As the economy has approached full employment, changes in inflation have been barely perceptible. For instance, Bullard noted that the Dallas Fed trimmed-mean inflation rate measured from a year earlier—at 1.9 percent in January—has barely increased in the last several years. Furthermore, headline inflation measured from one year earlier is also now close to target. “Bottom line: Inflation has essentially returned to 2 percent and is expected to remain there,” he said.
Turning to the low-safe-real-rate regime, Bullard said that it is a global phenomenon that has been many years in the making. “Real rates of return on government paper are exceptionally low in the current global macroeconomic environment,” he stated. “It seems unwise to predict that the forces driving safe real rates to such low levels are likely to reverse anytime soon. This then feeds through to the policy rate, which is also likely to remain low.”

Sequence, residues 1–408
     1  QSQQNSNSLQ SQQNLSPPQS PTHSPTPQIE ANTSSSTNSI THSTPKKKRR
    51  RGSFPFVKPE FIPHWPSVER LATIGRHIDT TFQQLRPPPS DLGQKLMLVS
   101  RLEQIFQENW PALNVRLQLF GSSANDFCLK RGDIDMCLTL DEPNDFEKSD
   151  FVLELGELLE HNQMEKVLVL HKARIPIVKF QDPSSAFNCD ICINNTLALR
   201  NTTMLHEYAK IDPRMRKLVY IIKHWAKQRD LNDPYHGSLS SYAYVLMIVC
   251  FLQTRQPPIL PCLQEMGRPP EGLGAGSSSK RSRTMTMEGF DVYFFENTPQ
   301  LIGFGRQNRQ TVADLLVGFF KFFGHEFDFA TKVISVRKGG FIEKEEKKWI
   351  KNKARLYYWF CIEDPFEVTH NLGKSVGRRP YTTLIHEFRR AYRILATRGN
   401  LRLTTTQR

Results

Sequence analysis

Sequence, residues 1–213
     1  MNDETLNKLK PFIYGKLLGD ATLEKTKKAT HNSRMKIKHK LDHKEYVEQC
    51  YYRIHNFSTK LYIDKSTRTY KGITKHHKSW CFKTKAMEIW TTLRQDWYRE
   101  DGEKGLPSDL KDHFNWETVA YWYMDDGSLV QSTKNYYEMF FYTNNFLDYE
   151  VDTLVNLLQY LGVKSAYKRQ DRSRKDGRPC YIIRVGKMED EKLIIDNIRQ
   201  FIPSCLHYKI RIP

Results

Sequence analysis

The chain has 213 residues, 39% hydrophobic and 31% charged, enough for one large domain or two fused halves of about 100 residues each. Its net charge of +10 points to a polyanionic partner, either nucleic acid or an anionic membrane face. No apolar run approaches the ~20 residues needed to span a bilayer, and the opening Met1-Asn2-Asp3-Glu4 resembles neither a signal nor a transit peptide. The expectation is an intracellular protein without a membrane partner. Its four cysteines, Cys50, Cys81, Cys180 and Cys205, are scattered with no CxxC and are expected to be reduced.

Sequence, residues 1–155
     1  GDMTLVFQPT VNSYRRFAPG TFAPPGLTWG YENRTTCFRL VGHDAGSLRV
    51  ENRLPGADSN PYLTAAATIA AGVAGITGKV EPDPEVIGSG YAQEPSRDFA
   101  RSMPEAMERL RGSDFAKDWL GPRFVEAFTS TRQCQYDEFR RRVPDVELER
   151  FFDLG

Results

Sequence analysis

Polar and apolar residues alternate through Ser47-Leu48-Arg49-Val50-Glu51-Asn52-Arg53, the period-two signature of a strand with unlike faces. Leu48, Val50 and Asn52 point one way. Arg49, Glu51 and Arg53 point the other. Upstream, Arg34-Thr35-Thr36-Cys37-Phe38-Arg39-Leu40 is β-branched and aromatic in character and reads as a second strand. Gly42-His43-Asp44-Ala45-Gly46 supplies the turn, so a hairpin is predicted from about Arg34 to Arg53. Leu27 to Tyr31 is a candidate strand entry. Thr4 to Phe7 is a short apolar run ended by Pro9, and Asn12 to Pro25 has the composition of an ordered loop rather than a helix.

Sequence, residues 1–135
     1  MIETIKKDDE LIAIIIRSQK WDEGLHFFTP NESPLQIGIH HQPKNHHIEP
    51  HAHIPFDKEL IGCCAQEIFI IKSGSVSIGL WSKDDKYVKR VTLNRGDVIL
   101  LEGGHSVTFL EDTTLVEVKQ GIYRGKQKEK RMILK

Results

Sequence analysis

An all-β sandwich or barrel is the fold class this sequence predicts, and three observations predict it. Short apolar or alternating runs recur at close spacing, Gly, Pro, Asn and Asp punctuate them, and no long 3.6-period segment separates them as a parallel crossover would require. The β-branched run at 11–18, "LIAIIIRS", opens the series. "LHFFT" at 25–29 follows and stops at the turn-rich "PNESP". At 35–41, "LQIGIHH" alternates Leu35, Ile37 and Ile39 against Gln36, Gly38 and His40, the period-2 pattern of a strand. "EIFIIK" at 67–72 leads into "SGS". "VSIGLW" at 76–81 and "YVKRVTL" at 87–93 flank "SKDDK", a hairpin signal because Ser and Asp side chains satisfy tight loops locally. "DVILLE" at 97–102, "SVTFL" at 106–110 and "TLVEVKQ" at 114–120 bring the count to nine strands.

Regarding the question of whether new fiscal policy will move the U.S. into a higher growth regime, Bullard outlined two considerations. One is that the economy is not in recession and, therefore, these policies should not be viewed as countercyclical measures. He also noted that U.S. productivity growth is low and could be improved considerably, which could increase the real rate of return on safe assets. “However, the Fed can wait to see how fiscal policy develops,” he said.
The Fed’s Balance Sheet Policy